Christians are a tiny minority in Japan, less than one percent of the total population. Yet Christianity is ubiquitous in Japanese popular culture. From the giant mutant "angels" of the Neon Genesis Evangelion franchise to the Jesus-themed cocktails enjoyed by customers in Tokyo's Christon café, Japanese popular culture appropriates Christianity in both humorous and unsettling ways. By treating the Western religion as an exotic cultural practice, Japanese demonstrate the reversibility of cultural stereotypes and force reconsideration of global cultural flows and East-West relations.
Of particular interest is the repeated reappearance in modern fiction of the so-called "Christian century" of Japan (1549-1638), the period between the arrival of the Jesuit missionaries and the last Christian revolt before the final ban on the foreign religion. Literary authors as different as Akutagawa Ryūnosuke, Endō Shūsaku, Yamada Fūtarō, and Takemoto Novala, as well as film directors, manga and anime authors, and videogame producers have all expressed their fascination with the lives and works of Catholic missionaries and Japanese converts and produced imaginative reinterpretations of the period. InHoly Ghosts, Rebecca Suter examines the popularity of the Christian century in modern Japanese fiction and reflects on the role of cross-cultural representations. Since the opening of the ports in the Meiji period, Japan's relationship with Euro-American culture has oscillated between a drive towards Westernization and an antithetical urge to "return to Asia." Exploring the twentieth-century's fascination with the Christian century enables Suter to reflect on modern Japan's complex combination of Orientalism, self-Orientalism, and Occidentalism.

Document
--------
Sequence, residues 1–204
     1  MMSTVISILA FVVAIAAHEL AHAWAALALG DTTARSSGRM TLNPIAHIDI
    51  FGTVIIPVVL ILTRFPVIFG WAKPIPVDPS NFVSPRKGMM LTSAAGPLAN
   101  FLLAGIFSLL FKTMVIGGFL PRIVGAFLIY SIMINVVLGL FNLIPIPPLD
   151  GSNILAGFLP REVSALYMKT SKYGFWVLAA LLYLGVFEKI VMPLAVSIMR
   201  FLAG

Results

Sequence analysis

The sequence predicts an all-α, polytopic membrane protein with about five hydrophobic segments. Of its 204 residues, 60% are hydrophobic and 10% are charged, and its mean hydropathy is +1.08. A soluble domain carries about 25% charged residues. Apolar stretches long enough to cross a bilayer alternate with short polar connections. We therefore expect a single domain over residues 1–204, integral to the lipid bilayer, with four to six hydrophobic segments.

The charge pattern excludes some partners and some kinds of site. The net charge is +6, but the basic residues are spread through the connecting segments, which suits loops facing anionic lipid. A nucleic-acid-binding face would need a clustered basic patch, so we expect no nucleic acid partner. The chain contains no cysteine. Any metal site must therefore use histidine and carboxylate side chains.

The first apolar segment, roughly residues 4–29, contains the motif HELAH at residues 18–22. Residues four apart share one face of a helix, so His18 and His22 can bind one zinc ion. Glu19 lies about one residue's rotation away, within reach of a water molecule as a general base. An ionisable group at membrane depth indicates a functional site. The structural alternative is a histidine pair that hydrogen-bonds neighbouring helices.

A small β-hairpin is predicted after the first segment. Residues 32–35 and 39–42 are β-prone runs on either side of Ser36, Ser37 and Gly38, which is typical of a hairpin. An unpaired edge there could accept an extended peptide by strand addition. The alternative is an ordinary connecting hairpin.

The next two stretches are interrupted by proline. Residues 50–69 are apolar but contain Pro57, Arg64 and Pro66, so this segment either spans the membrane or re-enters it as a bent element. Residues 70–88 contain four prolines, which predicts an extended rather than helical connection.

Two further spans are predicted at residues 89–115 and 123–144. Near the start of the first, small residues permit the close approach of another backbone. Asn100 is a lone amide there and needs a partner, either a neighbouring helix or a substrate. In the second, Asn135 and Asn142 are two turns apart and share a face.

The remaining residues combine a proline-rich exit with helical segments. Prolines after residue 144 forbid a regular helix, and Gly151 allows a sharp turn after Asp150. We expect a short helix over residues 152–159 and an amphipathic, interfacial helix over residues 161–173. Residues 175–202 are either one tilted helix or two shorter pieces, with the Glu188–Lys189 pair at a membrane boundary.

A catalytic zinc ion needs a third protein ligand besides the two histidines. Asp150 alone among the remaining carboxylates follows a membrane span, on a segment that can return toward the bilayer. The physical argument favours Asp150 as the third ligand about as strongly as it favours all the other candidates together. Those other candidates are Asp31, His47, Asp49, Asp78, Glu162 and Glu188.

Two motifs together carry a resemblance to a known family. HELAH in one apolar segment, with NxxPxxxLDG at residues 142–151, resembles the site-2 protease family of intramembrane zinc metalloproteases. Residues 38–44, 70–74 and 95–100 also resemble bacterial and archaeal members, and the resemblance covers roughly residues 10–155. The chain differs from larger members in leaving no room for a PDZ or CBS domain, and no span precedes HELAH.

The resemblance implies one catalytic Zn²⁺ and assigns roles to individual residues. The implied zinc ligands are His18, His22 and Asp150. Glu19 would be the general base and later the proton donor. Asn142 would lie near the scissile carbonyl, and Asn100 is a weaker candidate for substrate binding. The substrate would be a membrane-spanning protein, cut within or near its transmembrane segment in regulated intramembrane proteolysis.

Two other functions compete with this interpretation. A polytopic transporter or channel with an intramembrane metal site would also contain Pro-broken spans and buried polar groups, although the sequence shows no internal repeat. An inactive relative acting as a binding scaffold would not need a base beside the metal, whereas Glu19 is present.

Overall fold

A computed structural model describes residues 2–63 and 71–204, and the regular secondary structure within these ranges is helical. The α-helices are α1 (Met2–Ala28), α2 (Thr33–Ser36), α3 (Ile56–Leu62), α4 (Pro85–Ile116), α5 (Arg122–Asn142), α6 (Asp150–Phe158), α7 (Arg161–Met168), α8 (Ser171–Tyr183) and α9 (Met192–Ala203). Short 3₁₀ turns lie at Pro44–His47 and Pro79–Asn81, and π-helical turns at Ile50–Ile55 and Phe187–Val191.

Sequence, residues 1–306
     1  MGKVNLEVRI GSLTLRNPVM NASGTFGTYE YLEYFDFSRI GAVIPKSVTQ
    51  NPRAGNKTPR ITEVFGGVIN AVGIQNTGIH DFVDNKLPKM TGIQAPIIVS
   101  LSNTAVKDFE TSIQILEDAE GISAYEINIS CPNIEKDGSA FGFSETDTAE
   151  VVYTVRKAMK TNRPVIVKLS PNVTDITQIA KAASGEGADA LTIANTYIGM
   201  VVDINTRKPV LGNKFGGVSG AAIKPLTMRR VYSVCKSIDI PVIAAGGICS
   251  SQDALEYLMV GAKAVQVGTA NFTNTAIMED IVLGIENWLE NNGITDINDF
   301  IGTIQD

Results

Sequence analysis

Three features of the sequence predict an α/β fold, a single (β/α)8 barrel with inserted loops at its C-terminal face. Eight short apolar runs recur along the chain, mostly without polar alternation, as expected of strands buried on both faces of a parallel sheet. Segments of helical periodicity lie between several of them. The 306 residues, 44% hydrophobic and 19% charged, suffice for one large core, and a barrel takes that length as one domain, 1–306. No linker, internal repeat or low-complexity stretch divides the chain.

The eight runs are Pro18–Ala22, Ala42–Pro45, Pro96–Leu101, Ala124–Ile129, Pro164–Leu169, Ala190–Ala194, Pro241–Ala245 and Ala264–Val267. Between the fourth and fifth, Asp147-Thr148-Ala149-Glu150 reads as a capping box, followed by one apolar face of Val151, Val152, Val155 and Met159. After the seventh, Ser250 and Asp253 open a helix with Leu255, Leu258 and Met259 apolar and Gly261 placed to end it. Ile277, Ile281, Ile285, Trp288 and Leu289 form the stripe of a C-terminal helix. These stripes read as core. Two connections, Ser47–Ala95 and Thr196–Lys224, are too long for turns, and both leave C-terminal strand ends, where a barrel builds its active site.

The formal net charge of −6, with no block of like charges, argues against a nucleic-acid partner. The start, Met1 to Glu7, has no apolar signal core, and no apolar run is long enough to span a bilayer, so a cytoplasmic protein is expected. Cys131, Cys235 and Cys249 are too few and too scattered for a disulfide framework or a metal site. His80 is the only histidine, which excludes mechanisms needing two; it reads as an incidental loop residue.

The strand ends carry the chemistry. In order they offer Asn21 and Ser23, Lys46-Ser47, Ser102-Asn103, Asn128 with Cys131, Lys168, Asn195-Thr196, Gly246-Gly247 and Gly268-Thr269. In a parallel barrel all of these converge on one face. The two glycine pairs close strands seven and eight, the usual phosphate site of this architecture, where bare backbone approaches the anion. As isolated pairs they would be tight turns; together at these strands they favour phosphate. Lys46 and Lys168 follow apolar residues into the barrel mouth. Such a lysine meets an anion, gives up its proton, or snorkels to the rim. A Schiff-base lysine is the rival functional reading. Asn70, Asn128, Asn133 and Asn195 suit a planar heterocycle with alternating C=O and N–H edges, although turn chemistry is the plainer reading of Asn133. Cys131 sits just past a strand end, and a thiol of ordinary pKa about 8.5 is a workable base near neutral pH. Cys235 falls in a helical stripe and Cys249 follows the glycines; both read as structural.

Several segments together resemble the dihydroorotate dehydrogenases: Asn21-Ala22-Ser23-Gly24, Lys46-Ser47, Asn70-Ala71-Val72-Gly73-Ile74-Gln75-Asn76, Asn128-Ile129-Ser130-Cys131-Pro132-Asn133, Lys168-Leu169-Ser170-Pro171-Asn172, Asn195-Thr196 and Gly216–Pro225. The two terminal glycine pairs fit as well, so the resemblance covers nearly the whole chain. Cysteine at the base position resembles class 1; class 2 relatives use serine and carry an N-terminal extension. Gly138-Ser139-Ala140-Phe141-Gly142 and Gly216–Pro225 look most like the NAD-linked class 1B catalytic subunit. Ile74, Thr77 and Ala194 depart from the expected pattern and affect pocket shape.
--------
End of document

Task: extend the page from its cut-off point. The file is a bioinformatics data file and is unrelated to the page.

Subjects: Religion, Language & Literature
Table of Contents
You are viewing the table of contents
You do not have access to this
on JSTOR. Try logging in through your institution for access.